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State Senator, 20th District

Qualifications: Candidate must be US Citizen and registered voter; resident of the district for 1 year prior to general election OR Const., Art. IV, §8 Age: 21 or olderTerm: 4 years OR Const., Art. IV, §4 Salary: $23,052 (2017)Duties: The Senate and the House of Representatives are responsible for making or changing laws. Thirty Senators serve in the Senate and sixty Representatives serve in the House of Representatives. Each district is represented by one Senator and one Representative. The sizes of districts are based on the number of people living there. The Oregon Legislature meets for a long session in odd-numbered years and a short session in even-numbered years.Source: Oregon Blue Book Rev. 1/2018

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    Charles Gallia
    (DEM, WFP)

  • Alan R Olsen
    (REP, IND)

  • Kenny Sernach

Biographical Information

What do you recommend to make Oregon’s infrastructure and cyber-security more resilient to natural disasters and cyber attacks?

What do you recommend to make Oregon’s population more resilient to seismic, flood and wildfire disasters?

Oregon’s revenue structure has long yielded a budget shortfall. How will you address this?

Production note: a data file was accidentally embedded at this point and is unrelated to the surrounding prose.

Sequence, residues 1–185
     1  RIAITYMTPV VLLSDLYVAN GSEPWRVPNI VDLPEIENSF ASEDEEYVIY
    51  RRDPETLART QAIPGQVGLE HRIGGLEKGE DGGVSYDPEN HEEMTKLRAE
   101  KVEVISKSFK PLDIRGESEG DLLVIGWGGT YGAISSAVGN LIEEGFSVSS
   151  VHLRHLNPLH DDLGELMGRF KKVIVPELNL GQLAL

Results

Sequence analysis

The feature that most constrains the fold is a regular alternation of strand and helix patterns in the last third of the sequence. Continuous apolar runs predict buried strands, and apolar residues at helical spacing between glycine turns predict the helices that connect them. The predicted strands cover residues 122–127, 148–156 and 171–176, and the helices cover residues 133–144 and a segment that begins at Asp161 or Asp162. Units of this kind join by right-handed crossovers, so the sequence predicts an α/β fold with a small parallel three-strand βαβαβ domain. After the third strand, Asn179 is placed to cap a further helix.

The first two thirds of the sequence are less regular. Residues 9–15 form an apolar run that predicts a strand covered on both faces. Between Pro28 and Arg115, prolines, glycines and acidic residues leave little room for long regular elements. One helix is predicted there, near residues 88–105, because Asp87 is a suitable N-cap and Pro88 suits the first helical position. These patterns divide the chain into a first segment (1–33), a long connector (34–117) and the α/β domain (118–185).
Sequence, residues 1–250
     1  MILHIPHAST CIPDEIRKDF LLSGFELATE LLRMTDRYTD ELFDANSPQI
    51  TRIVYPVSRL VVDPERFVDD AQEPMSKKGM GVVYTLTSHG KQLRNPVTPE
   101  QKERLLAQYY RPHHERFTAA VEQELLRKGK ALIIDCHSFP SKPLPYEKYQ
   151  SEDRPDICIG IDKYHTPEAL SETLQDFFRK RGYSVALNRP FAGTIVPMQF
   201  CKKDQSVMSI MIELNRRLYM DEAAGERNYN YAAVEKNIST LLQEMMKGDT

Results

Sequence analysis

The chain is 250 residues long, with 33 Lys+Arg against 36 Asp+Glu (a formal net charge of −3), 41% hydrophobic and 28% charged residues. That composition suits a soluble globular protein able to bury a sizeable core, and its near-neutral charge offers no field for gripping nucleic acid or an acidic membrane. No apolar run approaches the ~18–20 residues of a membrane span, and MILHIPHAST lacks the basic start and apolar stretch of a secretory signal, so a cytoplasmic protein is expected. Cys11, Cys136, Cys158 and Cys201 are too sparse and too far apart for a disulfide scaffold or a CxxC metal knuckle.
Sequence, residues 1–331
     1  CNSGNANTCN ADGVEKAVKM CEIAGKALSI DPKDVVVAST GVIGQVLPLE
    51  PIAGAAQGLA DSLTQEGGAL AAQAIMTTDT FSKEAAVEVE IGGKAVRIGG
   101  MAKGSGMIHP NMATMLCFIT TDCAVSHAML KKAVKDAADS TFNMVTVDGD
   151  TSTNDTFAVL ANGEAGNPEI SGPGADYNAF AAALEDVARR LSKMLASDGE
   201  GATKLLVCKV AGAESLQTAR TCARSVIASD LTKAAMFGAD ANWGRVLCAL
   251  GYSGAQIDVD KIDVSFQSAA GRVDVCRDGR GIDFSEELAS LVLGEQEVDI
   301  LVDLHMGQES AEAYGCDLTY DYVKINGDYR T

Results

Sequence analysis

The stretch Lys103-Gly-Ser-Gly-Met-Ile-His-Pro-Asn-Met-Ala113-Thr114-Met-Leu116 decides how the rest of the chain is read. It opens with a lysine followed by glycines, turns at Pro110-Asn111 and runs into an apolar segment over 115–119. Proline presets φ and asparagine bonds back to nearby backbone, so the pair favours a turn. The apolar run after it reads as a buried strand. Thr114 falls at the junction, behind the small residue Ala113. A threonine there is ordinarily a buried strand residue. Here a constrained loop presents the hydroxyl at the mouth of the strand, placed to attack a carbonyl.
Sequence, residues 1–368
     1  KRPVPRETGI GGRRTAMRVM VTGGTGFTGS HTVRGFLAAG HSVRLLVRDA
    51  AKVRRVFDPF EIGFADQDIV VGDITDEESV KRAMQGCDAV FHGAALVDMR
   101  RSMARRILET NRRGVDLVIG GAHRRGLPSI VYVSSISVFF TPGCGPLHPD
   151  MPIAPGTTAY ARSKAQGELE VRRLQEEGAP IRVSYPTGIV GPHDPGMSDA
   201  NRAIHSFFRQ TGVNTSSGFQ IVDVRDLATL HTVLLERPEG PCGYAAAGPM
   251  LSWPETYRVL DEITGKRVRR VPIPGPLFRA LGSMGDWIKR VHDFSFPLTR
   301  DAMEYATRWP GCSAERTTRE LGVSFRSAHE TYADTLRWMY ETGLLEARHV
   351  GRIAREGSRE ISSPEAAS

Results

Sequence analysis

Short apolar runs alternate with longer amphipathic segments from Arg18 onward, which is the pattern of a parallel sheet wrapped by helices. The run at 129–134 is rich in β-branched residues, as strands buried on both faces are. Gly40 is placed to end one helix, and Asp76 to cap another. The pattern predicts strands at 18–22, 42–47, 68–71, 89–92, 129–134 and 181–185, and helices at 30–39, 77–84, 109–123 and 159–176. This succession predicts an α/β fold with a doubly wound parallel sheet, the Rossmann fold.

Town Where You Live Carver, Oregon
Your Experience/Qualificatons *5th generation Oregonian. *Raised in Clackamas County. *Bachelor’s Degree in Political Science and a Middle East Studies Specialist Certificate, PhD in Public Administration and Policy, Portland State University. *Senior Policy Advisor for Research and Evaluation at the Oregon Health Authority (retired). *Co-founder of Oregon Pediatric Improvement Partnership, aiding clinics to provide better patient care. *Member: Clackamas County Parks Advisory Board and Economic Development Commission
County Clackamas
The transportation package recently passed by the legislature took a step in the right direction for ensuring our infrastructure is maintained. However, our bridges, ports, and energy infrastructure are vulnerable to natural disasters. We must invest in upgrades that will make our infrastructure more resilient. Cyber attacks are one of the greatest threats facing our security and democracy. We must take them seriously and work with cyber security experts to make certain our systems are secure.
Oregon has gotten better about informing and training tourists and residents on the coast of potential tsunami risks by developing warning systems, signage, and practicing evacuation drills. We can do the same with regard to floods and wildfires, and make earthquake, flood, and wildfire insurance more accessible. By educating the public of the risks and having a robust disaster preparedness plan across the State, we can mitigate negative impacts of these disasters and rebuild more quickly after.
Oregonians deserve and have high expectations for the level of service provided by our agencies. Businesses deserve predictability. However, everything from healthcare to education to parks come with increasing costs. To provide Oregonians with the services they expect and address the revenue shortfall, we must continue to look for operational efficiencies, assure that resources are focused, as well as expect more of organizations and individuals that have prospered in Oregon’s economy.
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